A small number of Canadians vocally opposed the war, despite the intense pressure in most English-speaking parts of the country for its unqualified support. The women’s suffrage movement, organized labour, farming organizations, and socialist groups were well represented in the ranks of peace activists.
Popular Methodist minister James S. Woodsworth was an outspoken critic of the war and, later, of conscription. At a time when most churches, including his own Methodist Church, actively supported the war and compulsory service, Woodsworth received great notoriety for refusing to use his pulpit to encourage recruitment. This anti-war stance cost Woodsworth his position as Secretary of the Canadian Welfare League, and he left the Methodist Church over its lack of commitment to pacifism and other social issues, including working class poverty.
Woodsworth’s rejection of the war and the means used to fight it found support among some socialists, farmers, and organized labour. Unlike liberal pacifists, many of whom supported the war as a necessary evil to defeat European militarism, radical pacifists tended to see the war in starker terms. They viewed it as evidence of a corrupt and unjust social order that could only be fixed by sweeping social and political reform. They linked this critique with broader calls for social justice, the ‘conscription of wealth’ before men, and expanded rights for agriculture, labour, and immigrants. Most shared the disdain of Francophone nationalists and draft resisters for Canada’s seemingly uncritical support of the British Empire. In appearing to reject not just the war but the very governments and societies that had produced it, radical pacifists encouraged broad opposition to their views.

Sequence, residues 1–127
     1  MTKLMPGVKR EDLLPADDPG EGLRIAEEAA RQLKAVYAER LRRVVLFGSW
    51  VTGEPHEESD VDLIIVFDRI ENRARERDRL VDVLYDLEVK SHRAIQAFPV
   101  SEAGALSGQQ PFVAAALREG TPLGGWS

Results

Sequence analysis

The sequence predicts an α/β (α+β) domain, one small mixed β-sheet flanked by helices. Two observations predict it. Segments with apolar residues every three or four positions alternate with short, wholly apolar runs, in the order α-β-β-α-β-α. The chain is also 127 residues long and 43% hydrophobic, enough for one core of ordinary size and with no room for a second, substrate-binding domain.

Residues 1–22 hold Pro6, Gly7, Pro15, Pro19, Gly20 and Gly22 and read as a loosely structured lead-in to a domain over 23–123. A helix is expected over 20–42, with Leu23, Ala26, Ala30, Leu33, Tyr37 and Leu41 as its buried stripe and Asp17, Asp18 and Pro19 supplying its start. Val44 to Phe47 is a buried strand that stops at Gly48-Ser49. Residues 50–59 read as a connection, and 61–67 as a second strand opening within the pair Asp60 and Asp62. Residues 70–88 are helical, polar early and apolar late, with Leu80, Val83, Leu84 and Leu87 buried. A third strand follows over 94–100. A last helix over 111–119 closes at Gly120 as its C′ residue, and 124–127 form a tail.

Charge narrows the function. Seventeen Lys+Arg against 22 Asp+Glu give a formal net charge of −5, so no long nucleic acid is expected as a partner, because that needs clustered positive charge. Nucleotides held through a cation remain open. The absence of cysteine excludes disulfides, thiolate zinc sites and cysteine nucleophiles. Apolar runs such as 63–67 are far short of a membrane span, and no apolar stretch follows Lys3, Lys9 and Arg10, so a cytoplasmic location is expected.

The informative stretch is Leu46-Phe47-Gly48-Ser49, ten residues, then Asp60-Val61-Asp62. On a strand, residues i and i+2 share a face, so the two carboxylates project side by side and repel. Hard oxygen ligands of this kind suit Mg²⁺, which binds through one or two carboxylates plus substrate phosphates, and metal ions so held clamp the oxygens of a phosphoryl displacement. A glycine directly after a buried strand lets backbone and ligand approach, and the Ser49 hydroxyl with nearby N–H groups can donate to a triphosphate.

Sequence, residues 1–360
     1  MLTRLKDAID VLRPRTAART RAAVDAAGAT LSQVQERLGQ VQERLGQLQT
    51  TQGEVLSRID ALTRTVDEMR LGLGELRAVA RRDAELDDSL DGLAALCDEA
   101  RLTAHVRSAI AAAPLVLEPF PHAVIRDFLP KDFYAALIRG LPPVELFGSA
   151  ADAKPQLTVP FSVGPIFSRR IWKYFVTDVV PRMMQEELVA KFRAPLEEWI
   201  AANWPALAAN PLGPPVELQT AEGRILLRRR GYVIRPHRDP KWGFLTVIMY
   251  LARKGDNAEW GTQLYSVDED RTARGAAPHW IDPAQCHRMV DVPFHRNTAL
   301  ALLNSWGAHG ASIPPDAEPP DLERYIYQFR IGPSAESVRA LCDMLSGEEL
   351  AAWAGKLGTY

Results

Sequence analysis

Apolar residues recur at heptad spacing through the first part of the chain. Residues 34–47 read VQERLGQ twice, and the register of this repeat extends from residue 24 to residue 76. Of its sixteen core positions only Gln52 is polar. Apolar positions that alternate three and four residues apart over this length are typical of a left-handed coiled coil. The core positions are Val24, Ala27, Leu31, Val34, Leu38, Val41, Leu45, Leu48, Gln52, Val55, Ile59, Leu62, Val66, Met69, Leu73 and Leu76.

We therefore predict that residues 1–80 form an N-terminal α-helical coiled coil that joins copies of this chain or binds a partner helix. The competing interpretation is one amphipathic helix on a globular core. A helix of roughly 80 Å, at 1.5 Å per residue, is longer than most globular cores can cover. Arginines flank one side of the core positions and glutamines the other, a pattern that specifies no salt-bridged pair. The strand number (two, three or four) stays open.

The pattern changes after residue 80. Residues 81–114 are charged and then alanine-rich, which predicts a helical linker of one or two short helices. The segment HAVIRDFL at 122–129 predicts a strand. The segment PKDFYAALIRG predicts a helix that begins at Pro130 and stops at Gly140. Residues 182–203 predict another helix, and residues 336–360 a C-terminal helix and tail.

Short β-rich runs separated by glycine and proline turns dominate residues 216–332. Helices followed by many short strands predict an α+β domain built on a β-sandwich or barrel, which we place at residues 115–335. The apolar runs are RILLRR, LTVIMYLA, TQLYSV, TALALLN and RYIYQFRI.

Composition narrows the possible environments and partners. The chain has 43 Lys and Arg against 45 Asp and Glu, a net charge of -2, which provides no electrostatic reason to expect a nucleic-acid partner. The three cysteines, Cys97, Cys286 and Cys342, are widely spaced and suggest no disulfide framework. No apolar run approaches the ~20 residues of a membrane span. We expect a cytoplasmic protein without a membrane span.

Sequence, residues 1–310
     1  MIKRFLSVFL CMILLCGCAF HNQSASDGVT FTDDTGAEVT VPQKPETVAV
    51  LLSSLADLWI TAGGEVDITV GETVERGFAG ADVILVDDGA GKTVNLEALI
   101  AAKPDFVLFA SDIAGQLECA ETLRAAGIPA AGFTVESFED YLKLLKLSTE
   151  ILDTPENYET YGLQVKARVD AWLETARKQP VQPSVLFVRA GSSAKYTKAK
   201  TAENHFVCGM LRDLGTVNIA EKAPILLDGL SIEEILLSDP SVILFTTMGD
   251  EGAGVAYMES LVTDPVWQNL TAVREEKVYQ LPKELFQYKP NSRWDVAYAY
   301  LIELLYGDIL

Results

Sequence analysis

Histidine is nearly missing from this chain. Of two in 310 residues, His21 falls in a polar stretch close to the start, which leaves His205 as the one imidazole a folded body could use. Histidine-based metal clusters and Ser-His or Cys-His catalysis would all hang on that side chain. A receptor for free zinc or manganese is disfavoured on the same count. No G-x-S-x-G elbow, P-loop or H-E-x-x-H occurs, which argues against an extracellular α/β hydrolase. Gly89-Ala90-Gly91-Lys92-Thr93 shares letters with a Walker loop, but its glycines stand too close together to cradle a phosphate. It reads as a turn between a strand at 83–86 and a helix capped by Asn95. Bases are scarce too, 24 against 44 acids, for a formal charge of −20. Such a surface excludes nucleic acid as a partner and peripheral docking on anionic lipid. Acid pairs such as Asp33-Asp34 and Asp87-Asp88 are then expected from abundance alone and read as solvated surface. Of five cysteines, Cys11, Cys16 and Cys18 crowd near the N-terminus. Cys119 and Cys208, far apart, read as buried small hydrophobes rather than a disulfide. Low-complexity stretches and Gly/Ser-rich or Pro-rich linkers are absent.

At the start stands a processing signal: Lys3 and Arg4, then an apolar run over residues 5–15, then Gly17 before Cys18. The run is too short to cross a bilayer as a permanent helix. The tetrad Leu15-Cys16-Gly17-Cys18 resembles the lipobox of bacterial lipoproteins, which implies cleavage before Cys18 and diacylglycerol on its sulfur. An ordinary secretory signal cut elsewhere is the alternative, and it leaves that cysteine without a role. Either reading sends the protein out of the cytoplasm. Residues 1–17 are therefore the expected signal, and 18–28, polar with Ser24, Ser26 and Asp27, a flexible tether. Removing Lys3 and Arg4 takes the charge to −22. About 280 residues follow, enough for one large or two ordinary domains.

Pacifists who held to their convictions during the war often did so at great personal risk. Theirs was not a popular position, even among unionized workers, farmers, or mainstream socialists. Activists voiced their opinions through organized demonstrations, published pamphlets, and the public support of conscientious objectors. Some pacifists attracted attention and controversy by urging a negotiated peace. Others echoed the views of most Canadians in condemning wartime profiteering and business corruption.